How Do Credit Repair Services Work?
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If you are struggling with bad credit, you might come across credit repair companies that have the ability to clean up your credit report. These businesses often target consumers with less than stellar credit and debt, hoping to acquire your business when you’re unlucky.
While signing up for a credit repair service may seem like an easy solution to your credit problems, these companies charge fees that can put you in further trouble. With just a little research and some free time in your schedule, you might find that you can easily dispute errors on your own at no cost.
Before working with a credit repair company, think about exactly what they offer and at what cost, as well as how you can clean your credit for free.
Credit repair services are not free, but you will not pay a fee until the services are provided. Fees are billed in one of two ways: monthly or per item removed from your credit report.
Monthly subscriptions bill you for services provided in the previous 30 days, while monthly subscriptions only bill you after the information is removed from your credit report. The exact fees vary by service, but they can add up to hundreds or thousands of dollars each year.
Credit repair services are not always reliable or truthful. In fact, the CFPB found that more than half of the people who filed complaints about credit repair companies cited âfraud or scamâ.
Fortunately, there are protections for consumers. If you choose to use a credit repair company, you are protected by the Credit Repair Agencies Act (CROA), which regulates the functioning of these companies. Some key points include:
- Consumers have three business days to cancel a contract free of charge.
- Companies cannot guarantee that they can remove information from your credit reports.
- Companies can’t advise you to misrepresent or change your identity to prevent credit bureaus from associating information with you.
- No fees can be charged to consumers for services that have not been fully rendered.
Before signing up for a credit repair service, make sure it follows CROA rules and look for potential red flags, such as up-front payments or results that seem too good to be. true. the CFPB lists other ways to avoid being misled by credit repair companies.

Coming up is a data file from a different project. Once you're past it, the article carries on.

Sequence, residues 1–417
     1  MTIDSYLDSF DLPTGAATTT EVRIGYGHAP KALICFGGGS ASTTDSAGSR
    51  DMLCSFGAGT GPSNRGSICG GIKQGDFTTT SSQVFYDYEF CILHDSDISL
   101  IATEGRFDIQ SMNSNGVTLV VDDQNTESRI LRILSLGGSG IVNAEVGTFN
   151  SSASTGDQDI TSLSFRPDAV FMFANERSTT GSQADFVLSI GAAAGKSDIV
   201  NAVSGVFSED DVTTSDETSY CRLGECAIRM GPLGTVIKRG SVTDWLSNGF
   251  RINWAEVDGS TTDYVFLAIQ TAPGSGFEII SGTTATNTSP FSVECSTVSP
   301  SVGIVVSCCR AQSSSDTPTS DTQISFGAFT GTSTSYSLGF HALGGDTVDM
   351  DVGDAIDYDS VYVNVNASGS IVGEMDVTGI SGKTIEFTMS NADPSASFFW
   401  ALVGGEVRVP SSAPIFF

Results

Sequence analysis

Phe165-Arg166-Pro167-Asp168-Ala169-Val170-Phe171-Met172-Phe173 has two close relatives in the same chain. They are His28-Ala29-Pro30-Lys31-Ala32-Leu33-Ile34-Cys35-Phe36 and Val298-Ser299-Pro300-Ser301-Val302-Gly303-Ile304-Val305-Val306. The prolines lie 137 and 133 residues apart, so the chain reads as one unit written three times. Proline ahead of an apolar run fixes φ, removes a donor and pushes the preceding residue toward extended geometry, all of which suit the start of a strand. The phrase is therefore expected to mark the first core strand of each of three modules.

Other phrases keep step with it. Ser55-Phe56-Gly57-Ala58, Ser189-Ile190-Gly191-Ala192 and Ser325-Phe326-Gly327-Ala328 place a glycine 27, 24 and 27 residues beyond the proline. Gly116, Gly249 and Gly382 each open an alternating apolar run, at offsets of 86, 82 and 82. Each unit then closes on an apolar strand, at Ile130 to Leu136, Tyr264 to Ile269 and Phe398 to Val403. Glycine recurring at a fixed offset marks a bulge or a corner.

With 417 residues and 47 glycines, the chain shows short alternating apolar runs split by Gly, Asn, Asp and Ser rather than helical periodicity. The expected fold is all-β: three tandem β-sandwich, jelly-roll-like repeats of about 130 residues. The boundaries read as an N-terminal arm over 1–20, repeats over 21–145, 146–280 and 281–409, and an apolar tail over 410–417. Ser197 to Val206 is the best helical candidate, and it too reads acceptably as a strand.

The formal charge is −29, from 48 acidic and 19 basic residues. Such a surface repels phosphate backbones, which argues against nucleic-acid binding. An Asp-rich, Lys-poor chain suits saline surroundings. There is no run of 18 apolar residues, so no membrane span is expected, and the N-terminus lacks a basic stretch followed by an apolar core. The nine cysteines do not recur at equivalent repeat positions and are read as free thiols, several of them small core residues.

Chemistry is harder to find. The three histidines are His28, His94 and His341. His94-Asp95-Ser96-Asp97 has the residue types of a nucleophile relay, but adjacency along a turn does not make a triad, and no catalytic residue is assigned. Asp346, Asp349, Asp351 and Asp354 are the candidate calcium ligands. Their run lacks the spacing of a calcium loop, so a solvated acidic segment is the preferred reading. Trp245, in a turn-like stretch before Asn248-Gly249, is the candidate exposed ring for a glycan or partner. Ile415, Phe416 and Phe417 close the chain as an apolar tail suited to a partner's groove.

Best of all, dispute any errors on your credit report yourself. There is no charge for cleaning up your credit, and you will avoid misleading businesses that might profit from your poor creditworthiness. Remember that even if you pay to have information removed from your credit report, there is no guarantee that this will increase your credit score.
How to clean your credit for free
If you want an inexpensive way to tidy up your credit, here are four steps you can take.
- Request your credit reports: The first step in cleaning up your credit is to pull your credit reports from the three major credit bureaus – Experian, Equifax, and TransUnion. You can receive Free weekly credit reports from each credit bureau until April 20, 2022 by going to AnnualCreditReport.com.
- Review your credit reports: After requesting your credit reports, review each one and verify that the information listed is correct. Check for discrepancies with your personal information (like name and address), account information (like balances, credit limit, payment history), and bankruptcy and collection data (if your information has sent to a collection agency).
- Dispute Credit Report Errors: If you find any errors on your credit report, initiate litigation as soon as possible. Check out our step-by-step guide on how to dispute a credit report error.
- Pay off all debts: Having a balance on your credit card can lead to a drop in your credit score and high interest charges. It is in your best interest to pay off your debts quickly so that your credit can improve. Capital One’s CreditWiseÂ® is a free tool that you can use to simulate how paying off your debt will improve your score. Find out how you can pay off your credit card debt.
Editorial note: Any opinions, analysis, criticism or recommendations expressed in this article are the sole responsibility of the editorial staff of Select and have not been reviewed, endorsed or otherwise approved by any third party.